ETA: I grew up in an area that had a strong Latin culture. If you can believe, pre-Silicon Valley Redwood City, CA. It still has strong Latin roots. I went to school with a big Latin population. We had low riders all around; I took Auto Shop with guys who offered up their cars for work alongside other guys’ muscle cars. They were fun and as deeply invested in the minutiae of their cars as anyone I’ve ever seen. Again - cool stuff.

It’s cool man, it’s how you impress the chicks


This Wiki article state that just 12 states that have no vehicle inspection at all. 31 states have some sort of periodic inspection (safety, emissions or both).

I haven’t seen a low rider in 15 or 20 years at least. Cutting the springs meant removing the shock absorber. The cars would bounce down the road and bottom out on the least little thing.

I remember one pulling up next to me at a light. I looked out and then down on a car full of testosterone trying to look cool. I had to bite my tongue to avoid laughing.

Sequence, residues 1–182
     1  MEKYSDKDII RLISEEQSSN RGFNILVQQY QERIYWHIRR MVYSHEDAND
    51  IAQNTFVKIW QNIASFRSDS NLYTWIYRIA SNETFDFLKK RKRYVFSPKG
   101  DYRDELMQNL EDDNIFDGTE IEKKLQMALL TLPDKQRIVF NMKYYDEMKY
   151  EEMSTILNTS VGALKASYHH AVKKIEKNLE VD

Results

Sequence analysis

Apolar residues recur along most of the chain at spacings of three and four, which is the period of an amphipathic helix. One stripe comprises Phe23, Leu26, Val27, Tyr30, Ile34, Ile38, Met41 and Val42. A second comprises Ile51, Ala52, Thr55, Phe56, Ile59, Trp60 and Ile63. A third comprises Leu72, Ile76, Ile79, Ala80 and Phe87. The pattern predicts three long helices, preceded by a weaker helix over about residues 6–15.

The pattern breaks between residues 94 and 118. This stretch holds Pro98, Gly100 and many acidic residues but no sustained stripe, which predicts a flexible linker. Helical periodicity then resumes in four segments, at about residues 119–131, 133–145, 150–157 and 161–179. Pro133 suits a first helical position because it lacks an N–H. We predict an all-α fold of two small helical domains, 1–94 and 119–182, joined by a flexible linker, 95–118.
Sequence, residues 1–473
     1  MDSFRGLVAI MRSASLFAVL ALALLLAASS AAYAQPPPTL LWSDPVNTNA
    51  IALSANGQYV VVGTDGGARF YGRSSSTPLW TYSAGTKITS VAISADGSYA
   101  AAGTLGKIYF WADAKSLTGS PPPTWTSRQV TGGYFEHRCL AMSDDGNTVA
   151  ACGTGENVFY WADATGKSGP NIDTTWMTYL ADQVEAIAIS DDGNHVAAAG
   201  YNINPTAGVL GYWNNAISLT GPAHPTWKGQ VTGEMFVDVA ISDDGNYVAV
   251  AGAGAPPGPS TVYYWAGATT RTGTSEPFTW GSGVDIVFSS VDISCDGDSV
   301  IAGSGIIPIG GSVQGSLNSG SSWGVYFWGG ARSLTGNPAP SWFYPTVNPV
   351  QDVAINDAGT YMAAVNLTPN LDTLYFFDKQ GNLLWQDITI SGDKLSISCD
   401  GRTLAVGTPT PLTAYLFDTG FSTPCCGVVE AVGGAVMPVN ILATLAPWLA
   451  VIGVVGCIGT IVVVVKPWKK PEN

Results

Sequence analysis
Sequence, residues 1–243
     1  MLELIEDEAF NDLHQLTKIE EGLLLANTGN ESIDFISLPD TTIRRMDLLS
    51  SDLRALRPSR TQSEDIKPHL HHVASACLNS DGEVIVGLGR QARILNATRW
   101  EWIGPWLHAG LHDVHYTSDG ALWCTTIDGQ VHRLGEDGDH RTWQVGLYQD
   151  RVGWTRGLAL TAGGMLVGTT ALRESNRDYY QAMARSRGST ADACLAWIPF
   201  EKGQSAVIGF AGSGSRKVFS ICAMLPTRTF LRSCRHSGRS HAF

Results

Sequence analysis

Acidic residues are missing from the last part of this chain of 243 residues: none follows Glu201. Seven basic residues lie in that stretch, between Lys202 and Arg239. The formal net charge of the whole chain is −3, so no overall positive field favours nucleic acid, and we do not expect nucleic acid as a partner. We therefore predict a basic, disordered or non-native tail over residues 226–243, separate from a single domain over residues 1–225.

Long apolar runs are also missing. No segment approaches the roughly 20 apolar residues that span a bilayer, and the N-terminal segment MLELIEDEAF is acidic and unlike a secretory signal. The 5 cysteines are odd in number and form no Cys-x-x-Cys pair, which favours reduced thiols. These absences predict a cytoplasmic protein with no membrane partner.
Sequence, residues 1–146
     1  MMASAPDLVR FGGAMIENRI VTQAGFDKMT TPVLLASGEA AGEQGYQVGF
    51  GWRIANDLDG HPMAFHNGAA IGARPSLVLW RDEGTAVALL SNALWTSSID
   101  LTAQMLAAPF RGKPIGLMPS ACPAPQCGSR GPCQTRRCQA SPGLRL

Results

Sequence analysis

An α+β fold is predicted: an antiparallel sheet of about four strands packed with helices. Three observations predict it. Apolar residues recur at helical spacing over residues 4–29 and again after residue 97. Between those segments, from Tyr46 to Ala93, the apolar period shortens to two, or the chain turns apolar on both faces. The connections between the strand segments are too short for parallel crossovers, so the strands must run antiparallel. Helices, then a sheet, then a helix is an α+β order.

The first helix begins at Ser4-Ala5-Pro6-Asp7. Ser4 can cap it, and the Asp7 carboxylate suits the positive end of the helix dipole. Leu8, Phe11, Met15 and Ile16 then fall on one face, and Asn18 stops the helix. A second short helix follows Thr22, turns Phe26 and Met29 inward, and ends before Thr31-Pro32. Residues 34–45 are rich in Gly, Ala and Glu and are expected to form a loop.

I understand wanting to customize a car but I will never understand riding around in something so woefully uncomfortable.

Not sure if we are all thinking about the same thing here, but maybe we are.

I know about the latino culture/low rider/chevy impala concept.

But that was years ago. What I see now are almost always small import cars, usually but not always a Honda Civic or similar.

They often have a high-pitched, whiny muffler attached. I have heard them called rice-burners, but I think that is a specific car culture too, and since I have seen these lowered cars with and without the muffler mod, I thought maybe there was something else going on here.